In addition, section 742(a) of the Dodd-Frank Act amends section 2(c)(2) of the CEA to add a new subparagraph, section 2(c)(2)(D) of the CEA,[6] entitled “Retail Commodity Transactions.” New CEA section 2(c)(2)(D) provides the Commission with a new source of jurisdiction over certain retail commodity transactions.[7] Congress enacted this provision following court decisions, including CFTC v. Zelener,[8] that narrowly interpreted the term “contract of sale of a commodity for future delivery”—the statutory term for a futures contract—based on language in customer agreements. Zelener involved retail foreign currency transactions that were characterized as spot sales in contract documents, but in which, in practice, customer positions were held open indefinitely and customers never took delivery of foreign currency.[9]

Zelener held that the transactions were not subject to CFTC jurisdiction because they did not involve futures contracts but were “in form, spot sales for delivery within 48 hours.” [10] In so ruling, the court focused solely on the language of the customer agreements.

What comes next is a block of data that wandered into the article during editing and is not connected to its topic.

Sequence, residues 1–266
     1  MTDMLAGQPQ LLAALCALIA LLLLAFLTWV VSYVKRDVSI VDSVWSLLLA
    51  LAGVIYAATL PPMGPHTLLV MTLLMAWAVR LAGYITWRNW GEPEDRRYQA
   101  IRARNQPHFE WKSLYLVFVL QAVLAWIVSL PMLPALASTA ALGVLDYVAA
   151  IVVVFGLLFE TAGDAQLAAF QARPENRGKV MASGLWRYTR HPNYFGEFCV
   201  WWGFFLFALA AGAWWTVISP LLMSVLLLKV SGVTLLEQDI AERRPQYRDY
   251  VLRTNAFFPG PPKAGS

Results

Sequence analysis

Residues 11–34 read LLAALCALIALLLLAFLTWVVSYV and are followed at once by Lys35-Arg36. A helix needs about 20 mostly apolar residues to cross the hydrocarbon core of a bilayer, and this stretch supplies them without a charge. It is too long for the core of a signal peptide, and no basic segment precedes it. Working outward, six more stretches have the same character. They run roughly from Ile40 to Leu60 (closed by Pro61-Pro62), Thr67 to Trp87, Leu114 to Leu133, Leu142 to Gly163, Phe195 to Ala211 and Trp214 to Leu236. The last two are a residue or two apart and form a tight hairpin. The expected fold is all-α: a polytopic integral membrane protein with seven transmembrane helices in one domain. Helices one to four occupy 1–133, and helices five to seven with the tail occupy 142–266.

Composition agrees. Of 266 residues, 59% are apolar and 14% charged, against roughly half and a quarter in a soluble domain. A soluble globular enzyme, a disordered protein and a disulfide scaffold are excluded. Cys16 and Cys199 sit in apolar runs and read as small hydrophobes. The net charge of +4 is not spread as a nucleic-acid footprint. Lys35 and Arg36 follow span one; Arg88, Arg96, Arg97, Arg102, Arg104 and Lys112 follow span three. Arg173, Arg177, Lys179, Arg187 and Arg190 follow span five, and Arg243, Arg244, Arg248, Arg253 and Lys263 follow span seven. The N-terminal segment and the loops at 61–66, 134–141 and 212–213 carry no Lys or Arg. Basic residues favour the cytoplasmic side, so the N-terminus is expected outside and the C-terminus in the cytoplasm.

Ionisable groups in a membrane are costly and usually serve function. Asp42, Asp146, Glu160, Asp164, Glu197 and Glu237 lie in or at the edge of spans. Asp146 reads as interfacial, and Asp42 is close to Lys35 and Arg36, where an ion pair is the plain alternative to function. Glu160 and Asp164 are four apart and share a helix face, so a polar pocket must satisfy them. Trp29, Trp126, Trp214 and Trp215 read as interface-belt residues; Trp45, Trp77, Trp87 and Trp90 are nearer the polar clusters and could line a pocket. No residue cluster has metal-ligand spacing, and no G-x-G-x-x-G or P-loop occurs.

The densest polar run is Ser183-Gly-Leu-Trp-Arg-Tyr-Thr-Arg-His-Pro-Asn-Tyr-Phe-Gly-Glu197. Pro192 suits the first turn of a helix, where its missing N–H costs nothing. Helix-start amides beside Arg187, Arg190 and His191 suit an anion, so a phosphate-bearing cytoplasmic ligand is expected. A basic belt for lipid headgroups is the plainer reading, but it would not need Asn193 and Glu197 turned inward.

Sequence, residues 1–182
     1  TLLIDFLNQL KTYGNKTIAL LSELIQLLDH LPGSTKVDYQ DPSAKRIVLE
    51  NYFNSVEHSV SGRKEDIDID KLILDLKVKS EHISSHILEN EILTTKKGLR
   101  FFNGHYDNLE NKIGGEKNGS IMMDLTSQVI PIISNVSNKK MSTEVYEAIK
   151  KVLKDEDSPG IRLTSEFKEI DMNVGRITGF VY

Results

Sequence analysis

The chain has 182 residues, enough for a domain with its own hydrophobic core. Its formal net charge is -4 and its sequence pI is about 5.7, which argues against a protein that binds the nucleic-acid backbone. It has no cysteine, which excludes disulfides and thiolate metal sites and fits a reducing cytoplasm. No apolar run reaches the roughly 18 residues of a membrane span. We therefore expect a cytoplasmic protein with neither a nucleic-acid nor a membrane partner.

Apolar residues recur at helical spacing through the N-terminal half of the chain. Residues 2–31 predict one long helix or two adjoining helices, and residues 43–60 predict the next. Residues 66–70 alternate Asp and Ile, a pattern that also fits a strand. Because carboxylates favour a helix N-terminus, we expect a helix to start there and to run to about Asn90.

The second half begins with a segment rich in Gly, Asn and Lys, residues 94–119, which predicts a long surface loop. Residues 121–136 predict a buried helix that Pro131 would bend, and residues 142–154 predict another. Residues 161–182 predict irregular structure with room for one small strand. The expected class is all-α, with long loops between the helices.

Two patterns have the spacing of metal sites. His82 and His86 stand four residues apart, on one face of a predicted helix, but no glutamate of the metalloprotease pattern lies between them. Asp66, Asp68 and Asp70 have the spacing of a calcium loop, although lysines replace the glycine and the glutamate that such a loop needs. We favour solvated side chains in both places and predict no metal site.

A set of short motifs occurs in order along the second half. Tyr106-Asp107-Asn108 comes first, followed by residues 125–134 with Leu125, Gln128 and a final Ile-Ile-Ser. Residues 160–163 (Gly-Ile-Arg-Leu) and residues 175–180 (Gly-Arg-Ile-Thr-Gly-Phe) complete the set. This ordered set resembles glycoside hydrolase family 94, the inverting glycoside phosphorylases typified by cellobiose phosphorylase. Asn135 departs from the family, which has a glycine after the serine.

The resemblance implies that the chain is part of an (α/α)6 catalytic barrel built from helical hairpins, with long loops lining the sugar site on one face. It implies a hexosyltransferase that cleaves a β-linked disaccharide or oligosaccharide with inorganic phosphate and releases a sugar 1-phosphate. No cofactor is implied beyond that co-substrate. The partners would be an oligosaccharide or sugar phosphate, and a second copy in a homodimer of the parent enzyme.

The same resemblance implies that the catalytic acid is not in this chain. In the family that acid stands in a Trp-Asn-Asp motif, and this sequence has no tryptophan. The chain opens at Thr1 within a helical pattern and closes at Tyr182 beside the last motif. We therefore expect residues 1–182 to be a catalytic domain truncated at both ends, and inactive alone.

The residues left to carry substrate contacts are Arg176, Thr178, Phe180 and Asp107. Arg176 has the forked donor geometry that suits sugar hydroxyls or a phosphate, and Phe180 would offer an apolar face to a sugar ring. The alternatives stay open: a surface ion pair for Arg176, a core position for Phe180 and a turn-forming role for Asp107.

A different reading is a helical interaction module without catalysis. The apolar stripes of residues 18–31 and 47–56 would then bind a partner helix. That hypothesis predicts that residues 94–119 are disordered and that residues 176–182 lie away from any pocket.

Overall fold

Following Zelener, Congress provided the Commission with additional authority over retail foreign currency transactions in the CFTC Reauthorization Act of 2008.[11] Similarly, in section 742(a) of the Dodd-Frank Act, Congress provided the Commission with additional authority over non-foreign currency retail commodity transactions by making specified forms of these transactions subject to certain provisions of the CEA regardless of whether they involve a “contract of sale of a commodity for future delivery.” Senator Lincoln explained the rationale for this legislation during floor debate on the Dodd-Frank Act:

[the] contracts [in Zelener] function just like futures contracts, but the court of appeals, * * * based on the wording of the contract documents, held them to be spot contracts outside of CFTC jurisdiction. The CFTC Reauthorization Act of 2008, which was enacted as part of that year's Farm Bill, clarified that such transactions in foreign currency are subject to CFTC anti-fraud authority. It left open the possibility, however, that such Zelener-type contracts could still escape CFTC jurisdiction if used for other commodities such as energy and metals.